The followers of Jesus were single-minded in their desire to follow in their Master’s steps. Paul said,
19Though I am free and belong to no man, I make myself a slave to everyone, to win as many as possible. 20To the Jews I became like a Jew, to win the Jews. To those under the law I became like one under the law (though I myself am not under the law), so as to win those under the law. 21To those not having the law I became like one not having the law (though I am not free from God’s law but am under Christ’s law), so as to win those not having the law. 22To the weak I became weak, to win the weak. I have become all things to all men so that by all possible means I might save some. 23I do all this for the sake of the gospel, that I may share in its blessings. (1 Corinthians 9:19-23)
Paul said, “I know what I prefer, I know the songs I want to sing, the way I want to live and worship, the people I want to socialize with, but I am not my own – I am my Master’s slave. I will do whatever He asks me to do – I will become a slave to all people so that I might win someone for the sake of the Gospel!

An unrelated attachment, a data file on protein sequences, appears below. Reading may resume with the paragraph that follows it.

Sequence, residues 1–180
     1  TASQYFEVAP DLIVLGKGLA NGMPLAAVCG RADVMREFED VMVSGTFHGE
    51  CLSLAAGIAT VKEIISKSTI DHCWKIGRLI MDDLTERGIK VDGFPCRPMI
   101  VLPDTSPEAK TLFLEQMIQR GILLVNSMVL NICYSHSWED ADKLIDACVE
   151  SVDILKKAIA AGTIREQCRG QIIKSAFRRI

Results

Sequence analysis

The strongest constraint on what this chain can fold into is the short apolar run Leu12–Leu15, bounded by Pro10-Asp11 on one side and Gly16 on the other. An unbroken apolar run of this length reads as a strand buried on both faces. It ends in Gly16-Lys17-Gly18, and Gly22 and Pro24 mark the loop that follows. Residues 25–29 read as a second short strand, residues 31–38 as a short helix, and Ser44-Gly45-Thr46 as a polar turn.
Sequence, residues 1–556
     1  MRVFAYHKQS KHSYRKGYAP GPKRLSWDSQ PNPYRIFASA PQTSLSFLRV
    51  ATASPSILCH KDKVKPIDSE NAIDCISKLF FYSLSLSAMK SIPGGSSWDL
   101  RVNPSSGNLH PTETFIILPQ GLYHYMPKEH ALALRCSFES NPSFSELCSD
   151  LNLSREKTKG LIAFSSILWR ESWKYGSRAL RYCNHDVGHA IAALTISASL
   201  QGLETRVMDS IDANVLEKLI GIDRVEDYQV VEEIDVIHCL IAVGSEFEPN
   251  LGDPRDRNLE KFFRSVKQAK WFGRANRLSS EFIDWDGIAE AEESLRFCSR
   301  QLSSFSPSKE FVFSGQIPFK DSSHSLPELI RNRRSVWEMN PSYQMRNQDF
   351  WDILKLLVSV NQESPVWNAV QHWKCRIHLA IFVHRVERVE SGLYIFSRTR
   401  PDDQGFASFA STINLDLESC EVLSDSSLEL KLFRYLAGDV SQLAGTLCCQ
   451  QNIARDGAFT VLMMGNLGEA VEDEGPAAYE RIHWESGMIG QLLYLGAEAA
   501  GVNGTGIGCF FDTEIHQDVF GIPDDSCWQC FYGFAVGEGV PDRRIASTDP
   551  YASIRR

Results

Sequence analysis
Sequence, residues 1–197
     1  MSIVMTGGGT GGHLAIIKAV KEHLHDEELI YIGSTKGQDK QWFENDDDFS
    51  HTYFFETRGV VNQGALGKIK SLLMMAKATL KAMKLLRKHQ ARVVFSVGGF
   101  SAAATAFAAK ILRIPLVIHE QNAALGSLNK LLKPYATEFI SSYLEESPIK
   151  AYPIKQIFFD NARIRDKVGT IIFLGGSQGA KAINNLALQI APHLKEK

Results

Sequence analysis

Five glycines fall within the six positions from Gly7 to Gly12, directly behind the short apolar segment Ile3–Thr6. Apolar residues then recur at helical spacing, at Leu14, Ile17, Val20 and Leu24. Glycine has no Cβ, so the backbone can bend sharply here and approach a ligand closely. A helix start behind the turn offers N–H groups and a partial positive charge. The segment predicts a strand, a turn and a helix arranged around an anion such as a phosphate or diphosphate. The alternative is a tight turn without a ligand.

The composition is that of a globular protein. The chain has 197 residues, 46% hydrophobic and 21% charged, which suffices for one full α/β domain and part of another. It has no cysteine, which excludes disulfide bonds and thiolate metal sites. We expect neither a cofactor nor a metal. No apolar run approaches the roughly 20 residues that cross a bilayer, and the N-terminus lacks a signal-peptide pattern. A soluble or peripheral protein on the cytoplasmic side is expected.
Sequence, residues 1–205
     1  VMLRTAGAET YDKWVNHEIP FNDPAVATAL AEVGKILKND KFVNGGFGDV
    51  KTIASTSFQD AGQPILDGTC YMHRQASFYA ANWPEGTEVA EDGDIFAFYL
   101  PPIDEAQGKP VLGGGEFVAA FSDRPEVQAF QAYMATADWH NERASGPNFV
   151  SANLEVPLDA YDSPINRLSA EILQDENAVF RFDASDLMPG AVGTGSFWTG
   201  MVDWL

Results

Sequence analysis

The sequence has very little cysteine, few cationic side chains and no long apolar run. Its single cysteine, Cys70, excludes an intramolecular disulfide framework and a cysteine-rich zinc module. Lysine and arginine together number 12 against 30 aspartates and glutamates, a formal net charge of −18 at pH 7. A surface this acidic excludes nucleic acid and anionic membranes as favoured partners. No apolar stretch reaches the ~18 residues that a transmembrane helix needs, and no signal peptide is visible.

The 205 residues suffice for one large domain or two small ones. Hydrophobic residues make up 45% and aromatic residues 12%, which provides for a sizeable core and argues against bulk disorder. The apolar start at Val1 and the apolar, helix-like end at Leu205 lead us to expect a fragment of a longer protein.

I will promise you my friend that if we would but return to this mentality – if we would glory in being a slave to the Master, then things would change. The gates of hell would not prevail! The world would know that there is hope as long as there is a Savior!
The Church must repent of our ways. We must stop aiming to entertain and aim to serve. We must listen to the cries of those who are hurting and ask God what He wants to do. We must stop building holy clubs and open the hospital of hope where those who are sick and beaten down can find the Master Physician!
You say, “But that is risky. What if God calls me to serve someone that I don’t understand or don’t really care about? What if I don’t feel competent? What if While we are asking our questions Jesus weeps at our lack of faith in Him. I don’t want to deny that it is scary, that we are not competent, or that Jesus will most definitely call us to a mission that we don’t feel confident about, but He is faithful.